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Clin Vaccine Immunol. 2015 Aug;22(8):957-64. doi: 10.1128/CVI.00278-15. Epub 2015 Jun 24.

International Laboratory Comparison of Influenza Microneutralization Assays for A(H1N1)pdm09, A(H3N2), and A(H5N1) Influenza Viruses by CONSISE.

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WHO Collaborating Centre for Reference and Research on Influenza, Victorian Infectious Diseases Reference Laboratory, Peter Doherty Institute for Infection and Immunity, Melbourne, Australia
National Institute for Biological Standards and Control, Medicines and Healthcare Products Regulatory Agency, Potters Bar, Hertfordshire, United Kingdom.
National Institute for Biological Standards and Control, Hertfordshire, United Kingdom.
Centers for Disease Control and Prevention, Atlanta, Georgia, USA.
School of Public Health, The University of Hong Kong, Pok Fu Lam, Hong Kong.
Public Health England, London, United Kingdom.
Norwegian Institute of Public Health, Oslo, Norway.
World Health Organization, Geneva, Switzerland.
Center for Global Health, Institut Pasteur, Paris, France.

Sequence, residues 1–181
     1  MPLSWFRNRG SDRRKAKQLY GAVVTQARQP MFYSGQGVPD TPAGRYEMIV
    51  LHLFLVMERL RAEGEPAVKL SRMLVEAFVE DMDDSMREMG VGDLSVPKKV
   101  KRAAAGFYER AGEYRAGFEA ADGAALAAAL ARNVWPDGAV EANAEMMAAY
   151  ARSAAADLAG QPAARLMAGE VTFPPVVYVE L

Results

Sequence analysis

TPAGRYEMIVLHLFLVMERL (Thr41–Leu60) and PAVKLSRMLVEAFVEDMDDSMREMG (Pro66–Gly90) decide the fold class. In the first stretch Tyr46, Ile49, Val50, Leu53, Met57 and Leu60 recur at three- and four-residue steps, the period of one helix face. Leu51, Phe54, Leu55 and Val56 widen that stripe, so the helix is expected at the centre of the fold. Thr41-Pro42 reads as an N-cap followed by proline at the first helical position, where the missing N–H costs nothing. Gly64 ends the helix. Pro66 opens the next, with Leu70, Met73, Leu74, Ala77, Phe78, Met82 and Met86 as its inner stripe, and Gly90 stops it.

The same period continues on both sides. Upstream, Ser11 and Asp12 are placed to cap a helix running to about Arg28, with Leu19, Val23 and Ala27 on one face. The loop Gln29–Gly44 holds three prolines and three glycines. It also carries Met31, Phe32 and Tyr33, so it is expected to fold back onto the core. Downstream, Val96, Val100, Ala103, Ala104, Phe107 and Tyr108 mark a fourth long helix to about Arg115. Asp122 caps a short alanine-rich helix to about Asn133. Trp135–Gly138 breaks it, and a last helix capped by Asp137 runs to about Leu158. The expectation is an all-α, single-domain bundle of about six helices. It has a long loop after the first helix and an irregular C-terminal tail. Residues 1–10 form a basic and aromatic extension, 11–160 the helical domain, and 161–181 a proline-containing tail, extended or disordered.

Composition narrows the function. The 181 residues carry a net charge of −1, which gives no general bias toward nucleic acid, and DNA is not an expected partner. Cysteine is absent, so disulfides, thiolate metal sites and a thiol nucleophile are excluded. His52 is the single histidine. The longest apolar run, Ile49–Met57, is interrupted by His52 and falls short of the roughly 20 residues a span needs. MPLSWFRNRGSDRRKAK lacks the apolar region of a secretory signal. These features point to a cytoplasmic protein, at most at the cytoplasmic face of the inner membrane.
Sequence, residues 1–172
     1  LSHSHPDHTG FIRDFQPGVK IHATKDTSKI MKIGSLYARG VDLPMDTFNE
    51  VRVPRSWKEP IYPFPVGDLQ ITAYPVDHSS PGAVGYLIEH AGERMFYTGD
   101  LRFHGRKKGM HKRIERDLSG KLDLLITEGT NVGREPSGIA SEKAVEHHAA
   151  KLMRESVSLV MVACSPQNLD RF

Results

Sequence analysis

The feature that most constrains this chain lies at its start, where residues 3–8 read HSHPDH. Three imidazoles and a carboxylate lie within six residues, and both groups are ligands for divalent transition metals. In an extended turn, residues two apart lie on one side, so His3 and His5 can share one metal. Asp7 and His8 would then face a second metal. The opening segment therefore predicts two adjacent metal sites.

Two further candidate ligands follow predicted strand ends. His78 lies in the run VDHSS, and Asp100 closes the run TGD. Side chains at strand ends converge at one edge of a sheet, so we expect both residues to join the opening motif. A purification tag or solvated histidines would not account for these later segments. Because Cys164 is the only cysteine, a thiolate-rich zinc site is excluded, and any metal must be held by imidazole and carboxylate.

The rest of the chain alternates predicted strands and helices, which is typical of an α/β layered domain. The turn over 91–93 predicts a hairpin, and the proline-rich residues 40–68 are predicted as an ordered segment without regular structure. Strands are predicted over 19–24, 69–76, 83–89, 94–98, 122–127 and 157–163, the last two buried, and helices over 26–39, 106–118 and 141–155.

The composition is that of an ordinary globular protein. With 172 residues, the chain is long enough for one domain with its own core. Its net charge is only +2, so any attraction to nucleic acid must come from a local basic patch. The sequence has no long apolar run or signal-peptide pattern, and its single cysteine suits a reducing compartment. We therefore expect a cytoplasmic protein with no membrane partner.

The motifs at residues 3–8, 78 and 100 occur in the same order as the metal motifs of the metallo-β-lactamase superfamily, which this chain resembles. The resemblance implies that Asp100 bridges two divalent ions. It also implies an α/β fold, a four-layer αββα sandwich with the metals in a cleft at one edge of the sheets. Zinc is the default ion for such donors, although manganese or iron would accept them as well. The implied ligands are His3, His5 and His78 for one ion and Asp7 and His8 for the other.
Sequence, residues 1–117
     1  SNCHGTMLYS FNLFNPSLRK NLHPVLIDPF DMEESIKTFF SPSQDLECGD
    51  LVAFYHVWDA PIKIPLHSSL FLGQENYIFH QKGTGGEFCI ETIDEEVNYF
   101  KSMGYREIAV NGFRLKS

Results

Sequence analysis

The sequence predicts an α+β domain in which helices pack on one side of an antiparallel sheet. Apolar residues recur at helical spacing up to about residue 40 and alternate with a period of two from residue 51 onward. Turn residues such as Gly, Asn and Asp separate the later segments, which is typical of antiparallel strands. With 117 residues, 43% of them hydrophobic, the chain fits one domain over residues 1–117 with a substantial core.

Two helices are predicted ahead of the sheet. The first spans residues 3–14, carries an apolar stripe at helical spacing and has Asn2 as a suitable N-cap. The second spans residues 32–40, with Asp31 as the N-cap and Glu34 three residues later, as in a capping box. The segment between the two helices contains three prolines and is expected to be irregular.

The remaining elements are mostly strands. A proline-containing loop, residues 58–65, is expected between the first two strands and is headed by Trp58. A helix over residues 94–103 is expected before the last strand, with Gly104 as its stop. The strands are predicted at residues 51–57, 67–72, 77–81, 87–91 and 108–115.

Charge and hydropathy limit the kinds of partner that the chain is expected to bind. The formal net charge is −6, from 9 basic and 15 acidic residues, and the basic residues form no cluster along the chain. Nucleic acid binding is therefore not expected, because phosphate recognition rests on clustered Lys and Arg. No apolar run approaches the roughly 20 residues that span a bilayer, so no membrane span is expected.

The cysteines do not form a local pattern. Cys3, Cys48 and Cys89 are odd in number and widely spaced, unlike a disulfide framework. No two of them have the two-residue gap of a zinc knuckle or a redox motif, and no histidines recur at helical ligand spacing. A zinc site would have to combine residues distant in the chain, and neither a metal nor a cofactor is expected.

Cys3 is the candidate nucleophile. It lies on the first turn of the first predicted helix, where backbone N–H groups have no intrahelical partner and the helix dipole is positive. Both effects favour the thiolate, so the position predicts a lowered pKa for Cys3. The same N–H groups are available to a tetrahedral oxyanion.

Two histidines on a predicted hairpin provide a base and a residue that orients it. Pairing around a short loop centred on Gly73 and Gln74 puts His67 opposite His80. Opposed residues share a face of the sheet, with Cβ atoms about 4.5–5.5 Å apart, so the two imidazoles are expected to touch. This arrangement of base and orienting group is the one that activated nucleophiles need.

The microneutralization assay is commonly used to detect antibodies to influenza virus, and multiple protocols are used worldwide. These protocols differ in the incubation time of the assay as well as in the order of specific steps, and even within protocols there are often further adjustments in individual laboratories. The impact these protocol variations have on influenza serology data is unclear. Thus, a laboratory comparison of the 2-day enzyme-linked immunosorbent assay (ELISA) and 3-day hemagglutination (HA) microneutralization (MN) protocols, using A(H1N1)pdm09, A(H3N2), and A(H5N1) viruses, was performed by the CONSISE Laboratory Working Group. Individual laboratories performed both assay protocols, on multiple occasions, using different serum panels. Thirteen laboratories from around the world participated. Within each laboratory, serum sample titers for the different assay protocols were compared between assays to determine the sensitivity of each assay and were compared between replicates to assess the reproducibility of each protocol for each laboratory. There was good correlation of the results obtained using the two assay protocols in most laboratories, indicating that these assays may be interchangeable for detecting antibodies to the influenza A viruses included in this study. Importantly, participating laboratories have aligned their methodologies to the CONSISE consensus 2-day ELISA and 3-day HA MN assay protocols to enable better correlation of these assays in the future.

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